Puck Daddy - NHL

One can argue that, overall, the Washington Capitals' Ovechkin/Backstrom/Knuble trio or the San Jose Sharks' combination of Heatley/Thornton and Marleau are the better line.

But no line in the NHL is hotter right now than Marty St. Louis, Steven Stamkos(notes) and Steve Downie(notes) of the Tampa Bay Lightning, and there's a better chance that Barry Melrose will return as coach than anyone having predicted that back in October.

Consider:

St. Louis: Saw his point totals decline in consecutive seasons and had armchair GMs figuring out how to rescue him from the S.S. KoulesBarrie and reunite him with John Tortorella in New York. Raise your hand if you thought he'd reverse that trend after being split up from Vincent Lecavalier(notes), to the tune of 78 points in 62 games.

Stamkos: Were it not for the Phoenix Coyotes, he's the redemption story of the season. After a middling, disappointing rookie season that started terribly and ended with 46 points, Stamkos is third in the League in goal-scoring (40) and has 76 points in 64 games. Raise your hand if you thought Sophomore Stamkos would be in the midst of a 16-point scoring streak on March 8.

Finally, raise your hand if you anticipated the resurrection of Steve Downie's career as a two-way NHL player on one of the best lines in hockey. Anyone? Bueller?

Downie has played roughly a quarter of his season on the wing of St. Louis/Stamkos. Since Jan. 2, he has 23 points in 24 games ... along with 92 (!) penalty minutes. That dichotomy is why they're chanting his name in the cheap seats this season, according to the Tampa Tribune:

"It's been a big improvement from my first two seasons," said Downie, a first-round pick in 2005 who frustrated Philadelphia management with his penchant for drawing suspensions and playing undisciplined. "I've been a fourth-line player and I knew I could contribute more."

Saturday's late outburst was a case of Downie finishing what he started. Skating down left wing, Downie passed across to Marty St. Louis and then left his feet to flatten Atlanta center Marty Reasoner(notes). After his shot was stopped, St. Louis was standing behind the net without the puck when he was leveled by Clarke MacArthur(notes) of the Thrashers.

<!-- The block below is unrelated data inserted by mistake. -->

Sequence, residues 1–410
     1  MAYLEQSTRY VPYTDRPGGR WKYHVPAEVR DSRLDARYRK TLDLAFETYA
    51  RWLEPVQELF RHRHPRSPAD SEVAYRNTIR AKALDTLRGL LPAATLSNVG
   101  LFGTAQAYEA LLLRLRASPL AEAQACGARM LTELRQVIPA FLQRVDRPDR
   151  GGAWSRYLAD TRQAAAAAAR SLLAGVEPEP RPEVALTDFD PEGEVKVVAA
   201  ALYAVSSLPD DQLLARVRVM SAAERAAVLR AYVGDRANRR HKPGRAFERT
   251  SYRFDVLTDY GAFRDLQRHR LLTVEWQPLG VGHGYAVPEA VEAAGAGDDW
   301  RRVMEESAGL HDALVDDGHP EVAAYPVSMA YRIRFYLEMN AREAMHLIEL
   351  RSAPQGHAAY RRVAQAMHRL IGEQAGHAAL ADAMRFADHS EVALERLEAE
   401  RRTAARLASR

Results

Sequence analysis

With St. Louis in a daze, Downie immediately took off after MacArthur and the ensuing skirmish left Downie with a double-minor for roughing and a 10-minute misconduct, prompting a sellout crowd to voice its approval.

The play in question:

Is it possible to believe that this guy has turned the corner from head case to Bobby Clarke circa 2010?

Is he still the guy who butt-ended Akim Aliu(notes) in the mouth during practice in the OHL, earning a suspension and anger management classes? The guy who attacked the ref? The guy to whom the following lead paragraph from The 700 Level applies?

The Legend of Steve Downie grows. ... From knocking that guy's teeth out in juniors, to the Dean McAmmond(notes) aerial, the Jason Blake(notes) punch, and everything in between, Downie's been a skating suspension highlight for the span of his brief career.

Lightning Coach Rick Tocchet believes that's in the past, and that there's a work ethic and maturity inherent to Downie this season that wasn't there before. From the St. Pete Times:

Tocchet said Downie, 22, has taken his game to another level in his second season in Tampa Bay for one simple reason: He's a tireless worker, getting on the ice 20 minutes before practice shooting and passing. "He's applied himself," Tocchet said.

"It's not a surprise to me; maybe to people who didn't know him," Stamkos said. "He's gotten a shot here, and he's taking advantage of the opportunity."

Downie spent last summer working out with Lightning strength and conditioning coach Chuck Lobe, and he may join Stamkos in the offseason and train with former Lightning player Gary Roberts(notes), a renowned workout fanatic. Stamkos spent nearly seven days a week at Roberts' home in the Toronto area last summer and said he felt much stronger and in far better shape this season as a result.

Stamkos is a changed man this season, but it was just a matter of time before that happened. Downie? We're probably not alone in believing he was headed for an AHL flameout after being traded by the Philadelphia Flyers to the Bolts.

Yet here he is with 16 goals and 23 points on what's been the best line in hockey recently, with better offensive numbers than Alex Tanguay(notes) this season. He also has 184 penalty minutes, good for second in the League. Looking down the list of PIM leaders, there's only one other name with his numbers: Sean Avery(notes). If Tampa has found their version in Downie, perhaps this is more than a brief run for him.

But we're still weary of him. He's still "Clownie." There's going to be a moment when the bomb detonates at the wrong time, and it costs Tampa. As Downie said in January: "It falls on me to do the right things and not cross that line."

Raise your hand if you trust him to do that.

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